There were smiles all 'round in Chisasibi as elders and students engaged and connected over caribou, expanding their language, knowledge, and skills.
Secondary 5 students spent five days learning how to harvest caribou . . . starting from the initial kill to the final products - the meat, the hide, and the bone. Students also learned the proper Cree terms for everything Caribou and reinforced the Cree values of respect - for the entirety of the animal - and sharing - through learning how to store, distribute, and cook caribou.
The idea for the caribou teachings - the first such event for the Cree School Board - originated with Angela Bearskin-Gates, who attended a conference on land-based educational programming last year.
"So I contacted someone from the Cultural department here in Chisasibi that I had previously worked with and told him my idea of wanting to create workshops for youth," she said. "We have noticed that our students are losing their language and culture slowly, and we have been noticing that our children are speaking more and more English instead of Cree. I am hoping that these workshops will help our students to better understand our culture and language."
With funding help from New Paths for Education, a schedule was created, elders were approached, and caribous were brought to the Elders' Camp.
The caribou teachings included what to do with the hide and how it can be used. Students also learned about the traditional thread for sewing on the hide. They learned how to clean the head and brain of the caribou as well as the feet, and the value of those parts of the caribou. Even the marrow of the caribou's bones was used.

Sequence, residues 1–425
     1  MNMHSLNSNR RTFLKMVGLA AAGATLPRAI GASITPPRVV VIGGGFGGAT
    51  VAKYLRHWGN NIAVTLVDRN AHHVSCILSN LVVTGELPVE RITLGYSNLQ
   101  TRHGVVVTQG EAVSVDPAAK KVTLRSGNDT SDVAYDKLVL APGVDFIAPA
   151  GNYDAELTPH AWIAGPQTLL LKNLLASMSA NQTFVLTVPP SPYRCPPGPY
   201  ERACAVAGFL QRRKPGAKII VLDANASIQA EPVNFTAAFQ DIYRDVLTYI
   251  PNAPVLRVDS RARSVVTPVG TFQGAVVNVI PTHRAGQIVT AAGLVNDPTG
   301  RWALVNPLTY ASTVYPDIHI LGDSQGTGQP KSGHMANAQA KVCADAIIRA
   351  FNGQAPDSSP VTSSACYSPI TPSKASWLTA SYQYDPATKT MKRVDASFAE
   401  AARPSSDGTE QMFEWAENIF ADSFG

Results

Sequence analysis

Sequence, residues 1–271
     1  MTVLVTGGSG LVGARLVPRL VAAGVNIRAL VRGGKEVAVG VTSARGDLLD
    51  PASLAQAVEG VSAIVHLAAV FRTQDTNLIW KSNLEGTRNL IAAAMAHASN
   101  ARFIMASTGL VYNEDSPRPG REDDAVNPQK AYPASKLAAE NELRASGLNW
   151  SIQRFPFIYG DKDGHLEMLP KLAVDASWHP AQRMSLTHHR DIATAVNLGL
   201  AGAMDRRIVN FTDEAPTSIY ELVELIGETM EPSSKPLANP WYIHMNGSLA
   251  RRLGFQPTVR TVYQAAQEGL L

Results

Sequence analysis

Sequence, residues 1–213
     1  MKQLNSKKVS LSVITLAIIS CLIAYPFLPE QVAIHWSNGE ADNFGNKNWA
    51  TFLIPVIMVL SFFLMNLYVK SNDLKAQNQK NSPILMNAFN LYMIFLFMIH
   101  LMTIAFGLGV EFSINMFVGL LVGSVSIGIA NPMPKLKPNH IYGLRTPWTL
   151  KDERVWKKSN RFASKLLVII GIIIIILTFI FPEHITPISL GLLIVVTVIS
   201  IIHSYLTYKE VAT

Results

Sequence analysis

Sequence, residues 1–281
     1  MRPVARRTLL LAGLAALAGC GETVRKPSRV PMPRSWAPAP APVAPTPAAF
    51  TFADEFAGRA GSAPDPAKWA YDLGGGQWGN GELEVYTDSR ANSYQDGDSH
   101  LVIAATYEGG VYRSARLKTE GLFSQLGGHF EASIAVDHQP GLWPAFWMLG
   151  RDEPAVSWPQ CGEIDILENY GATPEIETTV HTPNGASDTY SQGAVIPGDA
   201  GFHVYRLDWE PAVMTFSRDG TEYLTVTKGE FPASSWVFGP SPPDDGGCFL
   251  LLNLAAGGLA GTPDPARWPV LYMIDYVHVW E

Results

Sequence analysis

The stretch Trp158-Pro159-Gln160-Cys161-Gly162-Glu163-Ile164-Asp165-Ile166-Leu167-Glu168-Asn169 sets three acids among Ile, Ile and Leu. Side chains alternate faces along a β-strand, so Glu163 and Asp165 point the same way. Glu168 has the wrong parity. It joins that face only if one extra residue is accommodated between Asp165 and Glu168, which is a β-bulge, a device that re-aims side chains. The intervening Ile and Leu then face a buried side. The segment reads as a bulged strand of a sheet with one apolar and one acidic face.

Some of the comments on social media spoke to the value of the unique activity.
"I think that was one of the "most awesomest" Mondays ever! Had our 1st day of Caribou Teachings at the elders camp today for Sec 5 students and we have it going on for the rest of the week!"
"Loved my day with students and elders🤗 we’re getting everything recorded so that it can be used in the classrooms too!"
On Day 2, social media offered these comments:
"3 more [caribou] were killed and the students put to practice what they learned the day before and were so proud of themselves that they knew most of how it’s done."
"Eddie also joined us today and explained the tools used when working on the caribou hide."
"A few students have come up to me saying how happy they are to be there and learning about the caribou and from the elders🤗"
Gates, who was recently appointed Interim Director of Education Services, says, with this success in hand, the land-based educational offerings will be brought to other communities.
"We saw this as an opportunity for students to immerse themselves in culture and language, and they did," she said.
The final day of the activity, students and elders worked together to create and share a traditional caribou feast.